Another priority is the Small Business Innovation Research Program, which is up for reauthorization next year. We can all be proud that Massachusetts ranks second in the nation in SBIR contracts, with $242 million worth in 2005. Over the last 10 years, more than 7,000 small firms in Massachusetts got SBIR awards worth nearly $2 billion. Without this program, they may not have received the funds they needed to develop their innovative ideas. Later this month I will hold SBIR roundtables in Washington and here in Massachusetts to look at increasing the percentage of government funding, making the program permanent, protecting intellectual property, and helping companies survive the so-called “valley of death” before commercialization.

Provide Assistance After a Disaster

We’re also concerned about how to protect small businesses after natural disasters. In the wake of Hurricane Katrina, we found major problems with the federal government’s low-interest disaster loan program. Over the last few years, small business owners and homeowners right here in Massachusetts have used the program to bounce back from floods, fires, drought, and even the red tide outbreak on the North Shore.

Earlier this year, my Committee passed bipartisan, comprehensive legislation to overhaul the Disaster Loan Program and I’m working to pass this bill by the full Senate, now that we’re in the middle of Hurricane Season, over the objections of a few Republicans. But we need your help, because this critical assistance often only comes when states ask for it following a disaster.

Level the Contracting Playing Field

On Wednesday, I’ll be holding a hearing focused on finding new ways to create opportunities for small businesses to contract with the federal government. Massachusetts firms currently do about $9.5 billion in business with the federal government each year. I believe we can do better.

In January, I hosted my second annual procurement conference at Northeastern University to help reduce the red tape small businesses face as they try to gain access to federal contracts. But this isn’t just about the federal level. I was proud to have support from Governor Patrick and Mayor Menino to bring together all of the resources at the federal, state and city levels to make Massachusetts a place where small firms can and want to do business. We can do more to bring small businesses face to face with procurement officials and prime contractors..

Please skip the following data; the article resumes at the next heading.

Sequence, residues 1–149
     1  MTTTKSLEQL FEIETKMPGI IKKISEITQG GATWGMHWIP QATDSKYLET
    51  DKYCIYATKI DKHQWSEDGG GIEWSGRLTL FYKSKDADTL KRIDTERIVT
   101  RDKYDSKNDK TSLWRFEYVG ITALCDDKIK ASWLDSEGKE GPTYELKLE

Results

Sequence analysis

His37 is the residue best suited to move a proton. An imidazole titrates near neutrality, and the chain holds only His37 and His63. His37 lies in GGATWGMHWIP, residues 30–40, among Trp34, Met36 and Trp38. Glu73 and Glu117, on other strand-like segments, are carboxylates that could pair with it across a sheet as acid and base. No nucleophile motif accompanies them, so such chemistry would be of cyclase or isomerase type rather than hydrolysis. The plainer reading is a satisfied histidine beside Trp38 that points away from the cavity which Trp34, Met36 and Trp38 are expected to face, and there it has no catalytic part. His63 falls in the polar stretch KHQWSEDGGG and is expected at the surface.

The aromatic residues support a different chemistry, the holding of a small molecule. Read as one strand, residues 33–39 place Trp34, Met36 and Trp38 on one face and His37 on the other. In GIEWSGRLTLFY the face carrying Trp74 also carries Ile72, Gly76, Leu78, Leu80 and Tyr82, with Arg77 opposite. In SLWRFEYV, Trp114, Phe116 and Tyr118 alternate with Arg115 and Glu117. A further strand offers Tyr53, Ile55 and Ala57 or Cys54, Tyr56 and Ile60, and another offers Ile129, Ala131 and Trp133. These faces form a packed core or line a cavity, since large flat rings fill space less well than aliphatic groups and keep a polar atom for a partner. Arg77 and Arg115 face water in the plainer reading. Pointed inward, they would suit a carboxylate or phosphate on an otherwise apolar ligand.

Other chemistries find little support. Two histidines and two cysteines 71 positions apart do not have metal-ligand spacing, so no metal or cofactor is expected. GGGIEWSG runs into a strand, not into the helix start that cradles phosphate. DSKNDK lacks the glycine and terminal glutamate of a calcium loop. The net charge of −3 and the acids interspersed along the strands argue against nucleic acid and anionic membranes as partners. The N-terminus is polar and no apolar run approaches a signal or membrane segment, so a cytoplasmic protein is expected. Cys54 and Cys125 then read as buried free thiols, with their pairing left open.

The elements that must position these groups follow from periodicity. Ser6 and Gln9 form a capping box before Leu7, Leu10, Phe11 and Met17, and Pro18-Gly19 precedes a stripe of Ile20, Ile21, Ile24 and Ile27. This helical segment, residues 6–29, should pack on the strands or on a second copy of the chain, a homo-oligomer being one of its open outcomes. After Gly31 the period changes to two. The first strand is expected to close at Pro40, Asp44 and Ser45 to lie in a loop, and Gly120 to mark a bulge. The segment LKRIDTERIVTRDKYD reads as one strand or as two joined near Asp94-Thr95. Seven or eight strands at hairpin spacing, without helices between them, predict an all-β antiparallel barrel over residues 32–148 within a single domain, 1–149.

Help Small Firms Become Energy Efficient

Last month, the Senate passed an energy bill that takes major steps to wean our nation off of our dependence on foreign oil. I worked to include provisions that help small firms become more energy efficient. In particular, we provided grants to Small Business Development Centers for energy efficiency counseling. One SBDC in Pennsylvania has already started a successful energy audit program, and I believe that SBDCs across the Bay State are in a similar position to help small businesses reduce their energy costs. Small businesses can find tremendous profits in developing the technologies that will help us fight global warming.

Health Care

On a final note, I want to touch on health care. Across Massachusetts, I hear again and again that health care is the number one issue confronting small business owners. John Kingsdale, head of the state’s Connector Authority, testified at a hearing I held in February focusing on solutions for making health care affordable for small employers. While the Commonwealth is implementing a first-in-the-nation approach to expanding health care coverage for everyone, states cannot do this alone. I have introduced a bill to create a refundable tax credit for small businesses to purchase health insurance for employees. I’ve also introduced a bill that will establish the federal government as a partner in helping businesses with the heavy financial burden of catastrophic cases through a reinsurance trust fund. This plan will reduce premiums for everyone by up to 10 percent.

In closing, I would like to again thank you Chair Chandler and all the members of the Committee for having me here today to talk about these important issues for our small businesses. I look forward to working together to push forward an agenda that’s good for Massachusetts small businesses, their employees, their families and our economy. Thank you.